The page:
Gangs controlled most aspects of life in the country, which was once known for having the highest murder rate in the world. With a campaign of mass arrests, Bukele has indeed tackled El Salvador’s crime problem. But that has come at a steep cost, as I explained last year:

Successive presidential administrations have taken different approaches — many have adopted the mano dura, or “iron hand” tack, instituting harsh crackdowns to mitigate the violence. But Bukele is on an entirely different level; his administration has imprisoned tens of thousands, many arbitrarily, repeatedly extended a state of emergency severely curtailing the rights of ordinary citizens, and attacked and even detained his critics in the press.

The country now instead boasts the highest incarceration rate in the world.

Despite the human rights violations, Bukele’s policies have been popular in El Salvador. Given the astounding level of violence that ordinary people have suffered under the gangs’ power — and the rapidity with which the violence decreased — it’s not ultimately that surprising that Bukele won a second term in office, despite the fact that he has dismantled parts of El Salvador’s democracy, manipulating institutions from the country’s Constitutional Court to its legislature, to do so.

Though the policy appears to be working in the immediate term, critics argue it isn’t sustainable for two major reasons. The first is that Bukele has made no effort to build a long-term social or economic infrastructure as an alternative to gang violence. The second is that the sense of security people currently feel requires sacrificing other forms of security, such as the rule of law. “[Bukele’s] popularity is built on illegality and undemocratic actions,” Noah Bullock, the executive director of the human rights organization Cristosal, told Vox. “There is no historic precedent where the use of state violence has produced lasting peace.”

That didn’t stop Bukele from suggesting the US ought to learn from his policies during his CPAC speech on Thursday. “We can clearly see the signs of a declining society because our own hit rock bottom decades ago,” he told the cheering audience. He urged Americans to look at “big cities in decline like Baltimore, Portland, New York, just to name a few places where crime and drugs have become the daily norm.”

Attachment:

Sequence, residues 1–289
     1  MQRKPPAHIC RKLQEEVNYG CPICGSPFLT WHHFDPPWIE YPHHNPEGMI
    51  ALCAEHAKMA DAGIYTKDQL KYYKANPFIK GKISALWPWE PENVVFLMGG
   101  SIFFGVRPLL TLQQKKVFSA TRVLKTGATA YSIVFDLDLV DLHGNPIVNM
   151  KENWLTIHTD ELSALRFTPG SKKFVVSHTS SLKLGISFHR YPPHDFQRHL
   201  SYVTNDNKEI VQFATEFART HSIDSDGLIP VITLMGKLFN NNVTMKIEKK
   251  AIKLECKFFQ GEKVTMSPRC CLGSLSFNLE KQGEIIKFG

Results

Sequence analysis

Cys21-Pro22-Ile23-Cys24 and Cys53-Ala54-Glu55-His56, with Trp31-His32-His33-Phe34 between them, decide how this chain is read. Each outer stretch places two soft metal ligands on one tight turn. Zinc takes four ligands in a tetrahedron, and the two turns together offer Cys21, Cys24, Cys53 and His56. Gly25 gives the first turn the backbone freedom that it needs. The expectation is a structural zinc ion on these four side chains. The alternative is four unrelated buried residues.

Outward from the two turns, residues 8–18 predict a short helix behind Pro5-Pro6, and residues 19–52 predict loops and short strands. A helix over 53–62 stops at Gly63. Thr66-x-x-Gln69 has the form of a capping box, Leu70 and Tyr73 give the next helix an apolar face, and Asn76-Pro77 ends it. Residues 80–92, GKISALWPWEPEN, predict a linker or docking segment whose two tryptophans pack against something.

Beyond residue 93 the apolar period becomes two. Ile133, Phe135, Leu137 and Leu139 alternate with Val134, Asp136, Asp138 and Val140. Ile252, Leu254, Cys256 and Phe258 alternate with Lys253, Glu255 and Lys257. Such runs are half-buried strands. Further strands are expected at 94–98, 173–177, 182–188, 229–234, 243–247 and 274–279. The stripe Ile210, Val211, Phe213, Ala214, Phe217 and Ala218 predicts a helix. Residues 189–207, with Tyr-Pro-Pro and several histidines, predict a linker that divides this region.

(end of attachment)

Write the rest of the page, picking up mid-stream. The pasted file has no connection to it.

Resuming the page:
Milei has only been in office for a couple of months, so he’s had less time to implement his libertarian economic policies. And he might not be able to do that much; already in his brief tenure, the congress voted down his party’s omnibus bill, which included fiscal measures aimed at managing inflation as well as an attempt to secure emergency legislative powers for, potentially, his entire four-year term. Along with deregulation and privatization efforts, the omnibus bill hinted at Milei’s social agenda: It would have reduced prenatal parental leave for women and slashed environmental protections in favor of business interests.

Milei will speak at the conference Saturday, most likely about his efforts to privatize state enterprises and cut down on regulations — both topics with great appeal to CPAC’s audience.

US conservatives benefit from Bukele and Milei’s illiberal policies

Bukele and Milei were each granted a mandate by presenting extreme solutions to serious problems in their countries that have long frustrated citizens. But they have clear ideologies and proclivities toward illiberalism that emerge within those contexts, too.

“They are able to articulate a real problem in society and propose solutions,” Daniel Rothschild, executive director of the Mercatus Center at George Mason University, told Vox. When people are truly struggling, they respond to those policies, “even if they are illiberal.”